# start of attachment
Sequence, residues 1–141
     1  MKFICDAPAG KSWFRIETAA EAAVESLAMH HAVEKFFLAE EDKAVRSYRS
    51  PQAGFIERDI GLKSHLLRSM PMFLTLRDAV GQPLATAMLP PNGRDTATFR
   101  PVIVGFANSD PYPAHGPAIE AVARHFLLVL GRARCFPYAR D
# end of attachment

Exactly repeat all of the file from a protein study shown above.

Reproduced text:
Sequence, residues 1–141
     1  MKFICDAPAG KSWFRIETAA EAAVESLAMH HAVEKFFLAE EDKAVRSYRS
    51  PQAGFIERDI GLKSHLLRSM PMFLTLRDAV GQPLATAMLP PNGRDTATFR
   101  PVIVGFANSD PYPAHGPAIE AVARHFLLVL GRARCFPYAR D